Brewer: Immigration law won't hurt Ariz. economy

2010-04-26T18:01:00Z Brewer: Immigration law won't hurt Ariz. economyBy Dan Sorenson Arizona Daily Star Arizona Daily Star
April 26, 2010 6:01 pm  • 

Appearing Monday at an Arizona Town Hall in Tucson, Gov. Jan Brewer dismissed the threat of an economic boycott over the new state immigration law she signed Friday.

"I don't believe it's going to have the kind of economic impact that some people think it might," Brewer said, in answer to a question from the audience after she gave a luncheon speech at the DoubleTree Hotel.

U.S. Rep. Raúl Grijalva, a Tucson Democrat, has called for a boycott of convention business for the state, and other calls have come for a boycott of Arizona goods, services and tourism because of the nationally controversial immigration law.

Brewer said outrage over the ability of police to ask people for citizenship documentation will fade, just the way she said the uproar faded when she was secretary of state and rode herd over a requirement that voters show ID at the polls.

"This is not Jan Brewer's first rodeo," she told the audience at the town hall focused on economic issues.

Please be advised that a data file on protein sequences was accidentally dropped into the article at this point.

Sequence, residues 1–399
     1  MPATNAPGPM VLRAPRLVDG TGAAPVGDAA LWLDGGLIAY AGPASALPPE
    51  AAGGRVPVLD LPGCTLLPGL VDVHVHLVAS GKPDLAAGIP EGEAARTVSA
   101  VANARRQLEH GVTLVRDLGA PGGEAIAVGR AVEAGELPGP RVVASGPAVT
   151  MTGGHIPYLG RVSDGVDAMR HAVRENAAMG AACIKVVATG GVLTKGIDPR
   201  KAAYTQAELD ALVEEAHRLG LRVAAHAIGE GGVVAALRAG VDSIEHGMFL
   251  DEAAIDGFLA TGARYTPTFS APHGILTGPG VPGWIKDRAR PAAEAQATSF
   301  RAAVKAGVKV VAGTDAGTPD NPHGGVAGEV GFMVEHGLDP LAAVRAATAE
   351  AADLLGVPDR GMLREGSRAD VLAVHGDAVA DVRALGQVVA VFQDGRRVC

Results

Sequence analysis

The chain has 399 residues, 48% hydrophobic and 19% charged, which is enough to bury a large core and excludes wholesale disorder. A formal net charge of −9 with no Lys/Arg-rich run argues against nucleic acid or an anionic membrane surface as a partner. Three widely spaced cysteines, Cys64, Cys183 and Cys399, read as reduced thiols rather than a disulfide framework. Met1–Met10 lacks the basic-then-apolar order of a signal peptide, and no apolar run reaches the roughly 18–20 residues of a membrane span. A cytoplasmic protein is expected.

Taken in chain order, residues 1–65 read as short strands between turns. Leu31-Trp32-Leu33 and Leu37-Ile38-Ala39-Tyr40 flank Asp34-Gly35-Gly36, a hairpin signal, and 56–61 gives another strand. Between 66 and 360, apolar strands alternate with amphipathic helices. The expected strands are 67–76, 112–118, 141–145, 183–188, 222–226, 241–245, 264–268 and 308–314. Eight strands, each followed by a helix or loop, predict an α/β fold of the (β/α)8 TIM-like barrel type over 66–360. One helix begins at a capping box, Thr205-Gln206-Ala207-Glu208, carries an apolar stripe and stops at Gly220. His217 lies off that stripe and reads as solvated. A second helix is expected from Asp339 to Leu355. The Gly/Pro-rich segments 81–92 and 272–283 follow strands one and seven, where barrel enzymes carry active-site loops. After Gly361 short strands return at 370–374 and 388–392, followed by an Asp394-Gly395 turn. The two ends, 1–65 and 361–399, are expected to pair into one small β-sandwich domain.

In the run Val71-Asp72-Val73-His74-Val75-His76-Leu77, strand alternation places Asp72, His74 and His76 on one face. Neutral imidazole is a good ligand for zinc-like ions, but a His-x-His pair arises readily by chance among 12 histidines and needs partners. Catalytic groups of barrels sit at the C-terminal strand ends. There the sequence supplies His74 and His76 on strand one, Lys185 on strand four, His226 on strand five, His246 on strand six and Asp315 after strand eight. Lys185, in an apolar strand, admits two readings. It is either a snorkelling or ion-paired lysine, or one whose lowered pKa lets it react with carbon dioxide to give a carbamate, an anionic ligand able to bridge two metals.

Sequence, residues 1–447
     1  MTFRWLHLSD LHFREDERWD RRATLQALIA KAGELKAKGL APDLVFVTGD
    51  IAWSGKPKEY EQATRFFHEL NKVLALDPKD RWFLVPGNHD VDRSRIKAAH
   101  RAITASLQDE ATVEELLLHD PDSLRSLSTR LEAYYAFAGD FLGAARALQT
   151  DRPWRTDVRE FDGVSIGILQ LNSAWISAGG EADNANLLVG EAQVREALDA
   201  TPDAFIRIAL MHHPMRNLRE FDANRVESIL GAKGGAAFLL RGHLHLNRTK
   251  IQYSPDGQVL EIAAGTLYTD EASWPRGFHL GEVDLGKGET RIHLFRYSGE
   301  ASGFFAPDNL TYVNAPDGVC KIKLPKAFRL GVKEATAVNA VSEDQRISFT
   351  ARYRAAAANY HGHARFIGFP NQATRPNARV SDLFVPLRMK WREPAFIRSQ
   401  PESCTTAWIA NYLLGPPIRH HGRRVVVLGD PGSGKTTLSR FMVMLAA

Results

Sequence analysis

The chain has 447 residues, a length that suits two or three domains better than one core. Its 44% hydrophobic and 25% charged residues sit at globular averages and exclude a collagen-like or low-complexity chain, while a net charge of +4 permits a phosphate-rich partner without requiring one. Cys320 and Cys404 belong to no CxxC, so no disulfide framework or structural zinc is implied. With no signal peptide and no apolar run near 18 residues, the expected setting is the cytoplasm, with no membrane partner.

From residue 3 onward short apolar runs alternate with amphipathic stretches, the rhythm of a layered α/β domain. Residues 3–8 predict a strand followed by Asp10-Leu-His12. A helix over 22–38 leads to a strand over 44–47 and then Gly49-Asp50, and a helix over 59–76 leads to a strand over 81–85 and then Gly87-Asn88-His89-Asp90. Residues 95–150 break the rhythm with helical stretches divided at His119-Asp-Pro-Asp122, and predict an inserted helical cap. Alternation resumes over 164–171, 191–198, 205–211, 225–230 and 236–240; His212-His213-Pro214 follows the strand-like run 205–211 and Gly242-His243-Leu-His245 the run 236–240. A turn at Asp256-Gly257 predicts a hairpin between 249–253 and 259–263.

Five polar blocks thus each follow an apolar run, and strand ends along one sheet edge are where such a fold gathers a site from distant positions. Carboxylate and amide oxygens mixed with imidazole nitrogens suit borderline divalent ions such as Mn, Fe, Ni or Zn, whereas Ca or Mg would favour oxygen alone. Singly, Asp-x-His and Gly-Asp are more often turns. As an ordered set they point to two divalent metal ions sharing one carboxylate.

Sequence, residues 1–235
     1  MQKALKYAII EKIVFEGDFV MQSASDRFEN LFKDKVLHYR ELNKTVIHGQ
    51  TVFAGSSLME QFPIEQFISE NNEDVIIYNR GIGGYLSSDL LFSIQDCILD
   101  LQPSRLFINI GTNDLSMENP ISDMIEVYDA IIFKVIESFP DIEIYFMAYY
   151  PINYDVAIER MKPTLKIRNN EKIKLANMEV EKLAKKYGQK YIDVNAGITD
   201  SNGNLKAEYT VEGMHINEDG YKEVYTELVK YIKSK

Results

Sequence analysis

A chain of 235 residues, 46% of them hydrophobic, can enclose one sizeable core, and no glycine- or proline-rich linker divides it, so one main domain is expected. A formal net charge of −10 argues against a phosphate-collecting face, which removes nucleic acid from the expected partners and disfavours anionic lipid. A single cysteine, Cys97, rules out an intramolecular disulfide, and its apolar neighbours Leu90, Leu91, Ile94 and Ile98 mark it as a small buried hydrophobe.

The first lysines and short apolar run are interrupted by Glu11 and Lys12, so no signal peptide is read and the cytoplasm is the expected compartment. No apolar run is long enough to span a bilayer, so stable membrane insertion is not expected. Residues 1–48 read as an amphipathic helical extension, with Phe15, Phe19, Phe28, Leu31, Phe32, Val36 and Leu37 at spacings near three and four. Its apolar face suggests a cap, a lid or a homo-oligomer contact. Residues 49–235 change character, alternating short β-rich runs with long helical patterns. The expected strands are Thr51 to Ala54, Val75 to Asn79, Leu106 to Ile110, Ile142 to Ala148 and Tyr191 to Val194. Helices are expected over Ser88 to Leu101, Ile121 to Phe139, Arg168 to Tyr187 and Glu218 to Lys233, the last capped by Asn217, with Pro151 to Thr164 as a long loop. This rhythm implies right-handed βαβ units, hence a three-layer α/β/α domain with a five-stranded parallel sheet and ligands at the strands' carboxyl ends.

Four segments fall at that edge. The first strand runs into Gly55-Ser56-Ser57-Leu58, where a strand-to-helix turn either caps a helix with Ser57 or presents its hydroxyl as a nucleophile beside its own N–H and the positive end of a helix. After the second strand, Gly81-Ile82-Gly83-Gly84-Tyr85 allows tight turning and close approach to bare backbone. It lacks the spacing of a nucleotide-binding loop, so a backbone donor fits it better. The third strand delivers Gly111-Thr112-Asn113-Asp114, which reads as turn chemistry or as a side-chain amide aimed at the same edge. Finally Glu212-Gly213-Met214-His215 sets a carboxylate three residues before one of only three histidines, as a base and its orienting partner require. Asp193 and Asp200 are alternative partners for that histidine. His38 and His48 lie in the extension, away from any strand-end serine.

Outside, on the front edge of the DoubleTree's property facing South Alvernon Way, were roughly 100 protesters holding or waving signs at motorists and chanting against the law.

An unusually large contingent of police, from the Arizona Department of Public Safety and Tucson Police Department, sealed off the hotel from the neighborhood, not allowing people in cars or on foot to enter the property from adjoining neighborhood streets.

The police stayed out of sight of the protesters, for the most part, staging behind the sprawling hotel's buildings. The protest was peaceful and there were no arrests reported.

Brewer, in her speech, laid out a five-point plan to help the state's economy recover from the recession. That includes having several state agencies involved in economic development - including departments of commerce, revenue and state land - all working together to "cut red tape and green tape." She said the state couldn't afford to "let jobs languish because they were caught in the pipeline."

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